News & events
02/08/2012 - A partial survey of a vessel does not exclude liability of a seller where there is a defect – MacDonald v Pollack
The decision in Macdonald v Pollack  CSHI 12 revisits the meaning of section 14 of the Sale of Goods Act 1979, i.e. implied terms as to quality or fitness. Whilst the case was decided in Scotland, it is clear that the decision will have persuasive impact in the English jurisdiction.
The parties to the action provided cruises to its customers. In September 2002, the Defenders sold their cruise ship "mv MONACO” (the "Vessel”) to the Pursuers for £75,000. The purchase was subject to a pre-purchase survey (which did not include a detailed report on the engine condition) and a 30 minute sea trial. The Defenders represented to the Pursuer that the engine was "excellent” and in "perfect condition”.
On delivery however, it became apparent that the Vessel's engine was leaking oil. On inspection, it was found that there was an underlying internal defect, which required the engine to be dismantled or stripped down at a cost of £50,000.
The Pursuer attempted to reject the Vessel and repudiate the contract.
At First Instance the Court held that the Defenders were in material breach of contract and gave Judgment for the sale price in full.
The Defenders appealed the decision on three grounds i.e. (1) the pre-purchase survey should have disclosed the defect in the engine and there was no breach of implied term; (2) they were not selling in the "course of business” as their main business was providing cruises, and the sale was "incidental” to the business; and (3) the Pursuer's writ sought damages and not a repudiation of the contract and therefore the sheriff was wrong to award full repayment of the sale price.
It was contended that a sale in the course of business included: (1) a sale which was integral part of the business in question; and (2) a sale which was incidental should be carried out with a degree of regularity to bring it within the definition of course of business; and (3) a one off trading venture which was intrinsically the business. It was argued that the sale did not fall into any of these categories. As such the appeal was allowed.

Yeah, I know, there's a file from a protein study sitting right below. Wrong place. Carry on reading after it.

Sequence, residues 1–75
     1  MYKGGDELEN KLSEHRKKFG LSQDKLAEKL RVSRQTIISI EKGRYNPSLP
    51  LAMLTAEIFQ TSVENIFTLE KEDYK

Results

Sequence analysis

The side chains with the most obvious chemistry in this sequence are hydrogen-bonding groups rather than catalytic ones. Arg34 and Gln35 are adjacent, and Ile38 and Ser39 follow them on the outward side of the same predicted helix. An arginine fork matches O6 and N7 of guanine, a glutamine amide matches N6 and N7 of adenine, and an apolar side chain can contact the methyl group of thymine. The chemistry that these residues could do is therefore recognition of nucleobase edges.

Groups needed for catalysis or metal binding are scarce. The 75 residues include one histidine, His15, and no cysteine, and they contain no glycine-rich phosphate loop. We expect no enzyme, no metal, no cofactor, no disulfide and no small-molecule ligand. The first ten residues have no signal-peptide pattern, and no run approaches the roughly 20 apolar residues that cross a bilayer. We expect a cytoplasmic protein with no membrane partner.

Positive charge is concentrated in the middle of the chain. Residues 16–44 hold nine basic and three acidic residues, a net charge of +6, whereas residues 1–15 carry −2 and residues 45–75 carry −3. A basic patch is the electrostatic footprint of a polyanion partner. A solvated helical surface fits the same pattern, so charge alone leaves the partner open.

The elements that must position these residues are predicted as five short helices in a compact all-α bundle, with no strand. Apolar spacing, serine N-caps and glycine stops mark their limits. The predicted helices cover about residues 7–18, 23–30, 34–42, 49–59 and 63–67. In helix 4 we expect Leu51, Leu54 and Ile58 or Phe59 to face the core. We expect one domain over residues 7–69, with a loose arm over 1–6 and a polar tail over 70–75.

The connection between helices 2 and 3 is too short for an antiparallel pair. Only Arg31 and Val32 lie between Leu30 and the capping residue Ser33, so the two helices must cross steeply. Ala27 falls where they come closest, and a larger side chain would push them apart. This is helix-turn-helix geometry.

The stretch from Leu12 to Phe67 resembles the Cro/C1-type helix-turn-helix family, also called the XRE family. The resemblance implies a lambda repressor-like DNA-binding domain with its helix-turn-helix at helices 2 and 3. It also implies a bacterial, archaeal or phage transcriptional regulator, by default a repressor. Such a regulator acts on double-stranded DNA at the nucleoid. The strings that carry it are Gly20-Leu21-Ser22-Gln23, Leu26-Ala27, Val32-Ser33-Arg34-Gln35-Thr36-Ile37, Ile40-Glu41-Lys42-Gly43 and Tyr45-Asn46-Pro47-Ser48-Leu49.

The Court of Session restored the decision at First Instance and rejected the Defenders' arguments.
A wider interpretation of section 14 of the Sale of Goods Act 1979 is applied where the seller is not a dealer in the goods subject to the claim and the tests of regularity or dealing of goods was removed.
The protection afforded by section 14 was there regardless of whether or not a buyer chose to have the goods inspected. The Court took the view that not everyone examines goods and often there is a reliance on the implied term that the goods are of satisfactory quality and fit for purpose. Applying this to the claim, it was difficult to see how the Pursuer who chose to have a partial survey could not rely on the same warranty.
Further section 14(2c) (b) stipulates that that protection can only be waived "where the buyer examines the goods before the contract is made, which that examination ought to reveal”. The examination did not include a detailed review of the engine. It could not, therefore, reveal the defect, and thus came within the scope of the implied warranty.
The Court also held that there was sufficient evidence to demonstrate that the Pursuers had rejected the Vessel despite there being inconsistent statements of case in the pleadings, and therefore it was entitled to award the repayment of the price, rather than damages.
The case demonstrates that section 14 of the Sale of Goods Act 1979 will still apply even when a buyer chooses to have a limited pre-purchase survey, and where the seller does not usually sell the defective good as an inherent part of their business.
Chartering, cruising and passenger businesses choosing to sell their vessels should therefore take extra care in ensuing that buyers undertake a full pre-purchase survey prior to acceptance to avoid the likelihood of claims.